Laura Taalman is a professor of mathematics at James Madison University, who works with 3D printing, singular algebraic geometry, knot theory, and games/puzzles such as Tchoukaillon, Sudoku, and Poker. She has worked for a variety of 3D printing companies such as MakerBot, Shapeways, and Ultimaker. She is the founder of JMU 3SPACE, the first general-education 3D-printing classroom in the country.
How did you first come to work with 3D printers?
I do mathematics research and work with knot theory quite a lot and I am a visual person so I like to make and hold the knot designs I work with. Some knots are complicated to make with simple string and so I turned to 3D printing to help me make more complicated designs. 3D printing software allows me to create and print knots that I would have not been able to make otherwise. Some of my designs can be seen on my website.
What do you love most about working with 3D printers?
I love the design aspect of working with 3D printing. Designing is an art form when it comes to 3D printing. 3D printing designs can have many different capabilities and possibilities to help you create what you want. I also love being able to see and getting to hold my designs once they are completed.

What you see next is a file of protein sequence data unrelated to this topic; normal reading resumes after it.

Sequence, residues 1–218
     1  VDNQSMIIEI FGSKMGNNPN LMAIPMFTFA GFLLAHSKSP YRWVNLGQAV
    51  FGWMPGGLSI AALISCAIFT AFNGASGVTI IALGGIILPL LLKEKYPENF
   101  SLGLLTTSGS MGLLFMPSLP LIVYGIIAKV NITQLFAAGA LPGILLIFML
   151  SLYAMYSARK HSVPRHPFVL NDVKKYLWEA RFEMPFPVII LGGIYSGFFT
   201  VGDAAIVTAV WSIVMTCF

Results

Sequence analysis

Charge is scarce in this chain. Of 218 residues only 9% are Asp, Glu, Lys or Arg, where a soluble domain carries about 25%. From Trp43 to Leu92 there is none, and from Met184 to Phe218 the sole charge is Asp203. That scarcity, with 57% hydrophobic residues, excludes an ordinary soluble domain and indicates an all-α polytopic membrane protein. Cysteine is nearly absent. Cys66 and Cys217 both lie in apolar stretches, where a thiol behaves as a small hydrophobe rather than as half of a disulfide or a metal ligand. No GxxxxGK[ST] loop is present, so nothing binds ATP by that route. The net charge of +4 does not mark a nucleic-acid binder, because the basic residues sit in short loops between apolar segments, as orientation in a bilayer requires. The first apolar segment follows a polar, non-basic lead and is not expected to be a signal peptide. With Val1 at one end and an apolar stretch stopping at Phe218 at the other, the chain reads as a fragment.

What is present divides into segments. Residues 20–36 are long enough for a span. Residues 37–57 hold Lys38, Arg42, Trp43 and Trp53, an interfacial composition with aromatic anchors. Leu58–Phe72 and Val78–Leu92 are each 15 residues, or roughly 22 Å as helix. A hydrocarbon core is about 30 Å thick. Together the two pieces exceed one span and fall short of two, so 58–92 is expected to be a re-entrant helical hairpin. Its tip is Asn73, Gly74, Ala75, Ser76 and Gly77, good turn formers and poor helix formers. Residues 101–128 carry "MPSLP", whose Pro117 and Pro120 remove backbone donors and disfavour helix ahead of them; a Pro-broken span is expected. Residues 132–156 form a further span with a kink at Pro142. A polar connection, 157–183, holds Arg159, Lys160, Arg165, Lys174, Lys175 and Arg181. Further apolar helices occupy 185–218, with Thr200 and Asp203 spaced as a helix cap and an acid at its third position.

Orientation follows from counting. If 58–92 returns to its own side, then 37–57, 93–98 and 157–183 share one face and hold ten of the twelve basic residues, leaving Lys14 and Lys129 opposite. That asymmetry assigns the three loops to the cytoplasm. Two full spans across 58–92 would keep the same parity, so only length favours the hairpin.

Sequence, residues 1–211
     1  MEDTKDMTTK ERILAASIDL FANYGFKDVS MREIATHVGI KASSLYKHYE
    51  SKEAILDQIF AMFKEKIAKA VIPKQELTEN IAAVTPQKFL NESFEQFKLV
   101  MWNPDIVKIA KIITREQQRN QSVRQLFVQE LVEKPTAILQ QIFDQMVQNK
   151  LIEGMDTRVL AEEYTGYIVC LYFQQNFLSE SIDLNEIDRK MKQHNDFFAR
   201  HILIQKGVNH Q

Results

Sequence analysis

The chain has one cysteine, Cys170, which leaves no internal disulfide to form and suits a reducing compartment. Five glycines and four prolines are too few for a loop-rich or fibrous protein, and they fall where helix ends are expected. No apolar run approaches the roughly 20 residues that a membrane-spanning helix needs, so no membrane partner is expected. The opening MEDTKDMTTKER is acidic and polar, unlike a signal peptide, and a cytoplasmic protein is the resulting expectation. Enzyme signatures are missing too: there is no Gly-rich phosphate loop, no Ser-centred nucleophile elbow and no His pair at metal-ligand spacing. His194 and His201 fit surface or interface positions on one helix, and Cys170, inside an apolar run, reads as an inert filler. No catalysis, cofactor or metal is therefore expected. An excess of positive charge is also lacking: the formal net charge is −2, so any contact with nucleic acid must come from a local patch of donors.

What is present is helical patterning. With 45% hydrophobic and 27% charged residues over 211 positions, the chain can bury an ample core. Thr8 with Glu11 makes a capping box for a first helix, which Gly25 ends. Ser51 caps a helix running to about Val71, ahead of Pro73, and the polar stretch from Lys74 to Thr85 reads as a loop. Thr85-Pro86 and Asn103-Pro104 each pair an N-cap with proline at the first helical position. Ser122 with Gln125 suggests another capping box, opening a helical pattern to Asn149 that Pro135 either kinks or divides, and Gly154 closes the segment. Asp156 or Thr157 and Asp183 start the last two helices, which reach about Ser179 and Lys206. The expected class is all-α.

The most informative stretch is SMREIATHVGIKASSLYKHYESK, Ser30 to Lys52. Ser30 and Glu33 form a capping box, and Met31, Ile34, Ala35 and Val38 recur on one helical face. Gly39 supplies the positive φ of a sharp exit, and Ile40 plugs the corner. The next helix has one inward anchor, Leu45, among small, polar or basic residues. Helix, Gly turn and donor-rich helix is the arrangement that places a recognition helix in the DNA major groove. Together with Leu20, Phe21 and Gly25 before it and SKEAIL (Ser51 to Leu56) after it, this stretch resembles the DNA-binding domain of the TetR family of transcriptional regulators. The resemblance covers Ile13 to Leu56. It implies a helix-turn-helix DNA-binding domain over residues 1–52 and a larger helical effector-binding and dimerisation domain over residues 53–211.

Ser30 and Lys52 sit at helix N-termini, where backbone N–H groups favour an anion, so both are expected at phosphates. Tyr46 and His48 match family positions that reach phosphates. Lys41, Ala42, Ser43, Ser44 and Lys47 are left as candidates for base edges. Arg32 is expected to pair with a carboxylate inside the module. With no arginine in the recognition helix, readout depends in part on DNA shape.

What is the value of getting into 3D printing?
3D printing is a great skill to learn for a variety of positions. For example, getting to know a programming language like Python can be a marketable skill and make you more desirable to employers. 3D printing is the same. 3D printing can be used in many industries and so learning the software is a great skill to have. To learn more about 3D printing software and getting started, visit mathgrrl.com/hacktastic/.
What does the future of 3D printing look like for mathematics and other disciplines?
The future of 3D printing can hold many possibilities. We are starting to see 3D printed houses which can be affordable and quick to make. Human body parts have also been made with 3D printers including bionic eyes, bionic ears, antibacterial teeth, elastic bone, and most recently a 3D printed heart was made from human patient's cells!
If you want a career in 3D printing, the top degrees include mechanical, industrial, or software engineering degrees since 3D printing companies want engineers who can understand, maintain, and operate the equipment. Computer animation is also a popular degree to break into the 3D printing world since an understanding of the software used in translating visual concepts into tangible objects is vital. A degree in biomedical technology can help you work with 3D printing in developing new medical solutions through 3D technology. For more on how to get a job in 3D printing and jobs search, click here.
Photo Credit: James Madison University